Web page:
Mobile application due in July.
While MYOB kicked off its entry into cloud services with the low-end LiveAccounts in May last year there has been little comment from its chief competitor, QuickBooks. Reckon, the Australian distributor for QuickBooks, released a hosted version of QuickBooks in 2009 but has not yet launched a local version of QuickBooks Online, the web-based application which has been available in the US since 2001.
Gavin Dixon, CEO of Reckon’s Business Division (pictured on right), sat down with BoxFreeIT to explain the company’s cloud plans for QuickBooks and Advanced Professional Solutions (APS), practice management software Reckon says is used by 80 percent of the top 100 Australian accounting firms.
An edited transcript of the initial hour-long interview and a second interview appears below.
BoxFreeIT: What are Reckon’s plans for the cloud?
Dixon: We are extremely committed to providing cloud solutions. But the way we’re going about it is different from the others at the moment. We wanted to provide a fully functional cloud solution and enable our customers to migrate from desktop to the cloud. We are using Citrix as a hosted service which allows us to provide cloud solutions.
BoxFreeIT: What kind of take-up are you seeing for QuickBooks Hosted?
Dixon: We’re adding 600 to 1,000 users a month. It’s just enormous, the uptake. People love it; it gives them all the cloud thing and yet they’re used to it, they know how it works. They can get training at the TAFE, it’s been around forever. So there are a lot of positives, in a funny way.
BoxFreeIT: How do you integrate with other web applications such as Google Apps or Office 365 if you’re hosting QuickBooks with Citrix?
We will be releasing an online SDK (software developer kit) before June 30. The development is all finished and it’s being tested. It will contain published web services that will give third parties the ability to integrate with our QuickBooks Hosted solution. A classic example is a website that has an e-commerce store and the website wants to send the orders for dispatch to QuickBooks, find the latest price, simple things like that.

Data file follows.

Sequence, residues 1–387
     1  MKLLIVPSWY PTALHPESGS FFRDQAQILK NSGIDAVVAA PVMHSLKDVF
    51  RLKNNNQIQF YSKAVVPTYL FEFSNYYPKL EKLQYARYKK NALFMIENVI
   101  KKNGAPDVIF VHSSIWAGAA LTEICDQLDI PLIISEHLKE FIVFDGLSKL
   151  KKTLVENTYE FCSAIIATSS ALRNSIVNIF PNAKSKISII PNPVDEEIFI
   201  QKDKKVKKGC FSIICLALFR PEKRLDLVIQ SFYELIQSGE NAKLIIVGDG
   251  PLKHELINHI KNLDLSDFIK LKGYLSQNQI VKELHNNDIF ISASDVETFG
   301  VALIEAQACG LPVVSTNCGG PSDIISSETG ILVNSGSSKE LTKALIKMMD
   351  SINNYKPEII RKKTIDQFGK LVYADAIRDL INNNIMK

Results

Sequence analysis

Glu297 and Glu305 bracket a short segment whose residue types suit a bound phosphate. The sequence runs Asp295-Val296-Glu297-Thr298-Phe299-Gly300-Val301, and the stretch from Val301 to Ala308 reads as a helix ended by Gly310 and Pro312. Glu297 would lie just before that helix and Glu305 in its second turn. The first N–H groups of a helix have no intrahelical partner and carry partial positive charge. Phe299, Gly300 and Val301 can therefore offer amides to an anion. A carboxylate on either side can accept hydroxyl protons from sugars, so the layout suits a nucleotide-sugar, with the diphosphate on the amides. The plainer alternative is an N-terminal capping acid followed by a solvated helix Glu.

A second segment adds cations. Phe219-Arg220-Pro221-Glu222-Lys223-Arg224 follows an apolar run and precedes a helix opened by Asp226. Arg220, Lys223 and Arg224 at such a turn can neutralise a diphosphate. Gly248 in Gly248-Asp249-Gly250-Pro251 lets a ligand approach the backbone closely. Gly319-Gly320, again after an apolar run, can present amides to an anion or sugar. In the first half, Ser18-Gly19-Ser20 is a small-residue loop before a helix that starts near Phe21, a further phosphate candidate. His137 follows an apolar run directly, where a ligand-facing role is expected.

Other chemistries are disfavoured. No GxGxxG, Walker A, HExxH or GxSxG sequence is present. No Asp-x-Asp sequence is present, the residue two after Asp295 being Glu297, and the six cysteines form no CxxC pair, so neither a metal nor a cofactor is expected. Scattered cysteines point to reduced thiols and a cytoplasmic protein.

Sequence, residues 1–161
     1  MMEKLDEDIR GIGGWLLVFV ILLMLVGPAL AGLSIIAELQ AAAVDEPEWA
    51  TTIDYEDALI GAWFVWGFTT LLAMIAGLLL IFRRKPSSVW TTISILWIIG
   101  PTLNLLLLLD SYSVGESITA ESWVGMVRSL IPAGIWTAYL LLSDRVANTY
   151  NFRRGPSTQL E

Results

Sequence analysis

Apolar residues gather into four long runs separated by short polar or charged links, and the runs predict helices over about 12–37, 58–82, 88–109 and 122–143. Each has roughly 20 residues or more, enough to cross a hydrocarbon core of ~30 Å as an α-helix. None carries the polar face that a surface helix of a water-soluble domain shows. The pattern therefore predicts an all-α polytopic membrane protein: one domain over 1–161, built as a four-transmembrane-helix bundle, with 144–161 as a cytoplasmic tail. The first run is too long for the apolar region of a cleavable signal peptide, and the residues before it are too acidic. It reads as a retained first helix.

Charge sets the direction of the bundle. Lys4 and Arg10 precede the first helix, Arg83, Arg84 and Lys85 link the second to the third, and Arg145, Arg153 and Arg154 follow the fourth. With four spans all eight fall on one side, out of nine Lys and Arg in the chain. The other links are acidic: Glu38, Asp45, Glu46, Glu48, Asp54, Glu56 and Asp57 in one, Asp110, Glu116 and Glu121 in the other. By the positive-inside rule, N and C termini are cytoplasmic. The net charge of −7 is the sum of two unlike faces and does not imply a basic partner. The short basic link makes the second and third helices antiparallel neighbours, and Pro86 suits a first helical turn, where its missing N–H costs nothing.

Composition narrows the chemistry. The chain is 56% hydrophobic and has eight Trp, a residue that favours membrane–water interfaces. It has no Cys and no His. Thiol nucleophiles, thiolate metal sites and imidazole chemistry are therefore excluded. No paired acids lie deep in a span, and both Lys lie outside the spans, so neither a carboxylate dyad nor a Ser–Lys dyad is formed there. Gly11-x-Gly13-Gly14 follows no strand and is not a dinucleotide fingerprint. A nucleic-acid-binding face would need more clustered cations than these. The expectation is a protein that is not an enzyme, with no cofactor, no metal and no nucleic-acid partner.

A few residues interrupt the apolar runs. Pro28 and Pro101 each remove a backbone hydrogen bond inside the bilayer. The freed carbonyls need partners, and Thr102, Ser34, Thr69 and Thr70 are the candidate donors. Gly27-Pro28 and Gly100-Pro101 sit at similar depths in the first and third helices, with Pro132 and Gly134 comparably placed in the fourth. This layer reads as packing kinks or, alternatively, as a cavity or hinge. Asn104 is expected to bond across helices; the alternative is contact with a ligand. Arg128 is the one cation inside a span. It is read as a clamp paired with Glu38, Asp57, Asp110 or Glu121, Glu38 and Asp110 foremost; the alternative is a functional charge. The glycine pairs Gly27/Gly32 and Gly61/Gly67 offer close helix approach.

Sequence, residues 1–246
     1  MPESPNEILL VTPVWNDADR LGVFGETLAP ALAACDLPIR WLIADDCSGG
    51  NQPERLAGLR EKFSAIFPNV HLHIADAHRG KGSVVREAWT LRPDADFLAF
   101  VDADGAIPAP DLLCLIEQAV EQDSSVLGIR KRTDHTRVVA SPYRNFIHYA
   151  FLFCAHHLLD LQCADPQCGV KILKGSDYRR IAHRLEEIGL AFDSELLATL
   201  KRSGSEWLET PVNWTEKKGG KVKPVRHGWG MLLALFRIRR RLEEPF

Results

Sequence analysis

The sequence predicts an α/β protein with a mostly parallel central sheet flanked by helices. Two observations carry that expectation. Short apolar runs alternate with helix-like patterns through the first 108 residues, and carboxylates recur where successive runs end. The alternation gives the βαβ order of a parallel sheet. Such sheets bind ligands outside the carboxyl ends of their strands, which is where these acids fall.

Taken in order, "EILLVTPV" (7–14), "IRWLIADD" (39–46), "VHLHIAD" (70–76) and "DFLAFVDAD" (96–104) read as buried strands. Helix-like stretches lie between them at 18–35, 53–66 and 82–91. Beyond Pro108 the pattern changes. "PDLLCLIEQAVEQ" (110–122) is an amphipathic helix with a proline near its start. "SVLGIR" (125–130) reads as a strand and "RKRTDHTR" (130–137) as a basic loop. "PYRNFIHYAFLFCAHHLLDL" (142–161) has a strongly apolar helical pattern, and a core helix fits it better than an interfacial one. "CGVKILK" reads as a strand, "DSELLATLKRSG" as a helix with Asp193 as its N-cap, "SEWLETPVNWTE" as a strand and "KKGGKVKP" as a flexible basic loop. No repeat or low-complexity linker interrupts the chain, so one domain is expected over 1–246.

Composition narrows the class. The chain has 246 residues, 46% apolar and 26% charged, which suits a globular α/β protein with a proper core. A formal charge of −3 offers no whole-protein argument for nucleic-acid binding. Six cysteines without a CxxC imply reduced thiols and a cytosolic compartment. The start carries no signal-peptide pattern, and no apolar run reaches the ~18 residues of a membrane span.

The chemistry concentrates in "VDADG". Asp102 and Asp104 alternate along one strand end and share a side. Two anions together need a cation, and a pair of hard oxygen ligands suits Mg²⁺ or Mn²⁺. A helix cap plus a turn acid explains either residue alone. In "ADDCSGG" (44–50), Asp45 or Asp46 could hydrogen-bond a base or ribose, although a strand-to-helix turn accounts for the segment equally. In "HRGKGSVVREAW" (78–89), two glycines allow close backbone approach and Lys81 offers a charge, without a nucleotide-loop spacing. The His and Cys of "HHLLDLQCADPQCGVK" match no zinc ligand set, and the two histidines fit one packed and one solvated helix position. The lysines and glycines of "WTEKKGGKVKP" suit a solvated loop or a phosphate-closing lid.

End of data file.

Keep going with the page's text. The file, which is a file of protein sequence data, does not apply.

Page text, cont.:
We have developed a web services interface to the QuickBooks application which will also let it connect to cloud services such as SalesForce.com. The fact that we’re working in a Citrix environment doesn’t have any implication in terms of our ability to publish a web service API. It’s just an engineering task.
BoxFreeIT: Is the online SDK only for QuickBooks Hosted?
Dixon: We were approached by a lot of third-party vendors who have add-ons with QuickBooks (desktop software) who wanted to integrate with the hosted solution. We wanted to provide that ecosystem of add-ons for industry verticals so we designed the online SDK for QuickBooks Hosted.
CashBook Online (Reckon’s web-based application for recording receipts) has an SDK as well but we haven’t published it because it’s a pretty simple product and the SDK doesn’t have a lot of meaning.
BoxFreeIT: How do you run these hosted applications offline?
With QuickBooks and Elite and APS we have the opportunity to run both online and offline because it’s essentially the same solution. If you choose to have an offline appliance we will provide it for an extra fee and we will keep that synchronised (with SQL Server to SQL Server web synchronisation). We’ll manage that for you so you won’t have administration rights to that appliance, it will be a Reckon appliance.
What it means is that if you’re in a shop and you’re running Reckon Retail PoS Professional (point-of-sale or PoS software) online and the internet goes down, you will be able to switch to run offline and continue to operate your business until the internet comes back. And then the synchronisation will happen automatically and then you will be able to go back online. That’s true with APS, Elite, QuickBooks and PoS.
We want to give our customers the ability to work offline as well as online, and that gives them the freedom to leave. They can take their data and go, there’s no penalty for them. They obviously need to run our software but they’re already our customer now so it’s not like we’re doing anything particularly strange.
Next page: Bank feeds, SBR and QuickBooks Online
Quickbooks Hosted and SBR
BoxFreeIT: Can QuickBooks Hosted submit forms electronically to the Australian Taxation Office?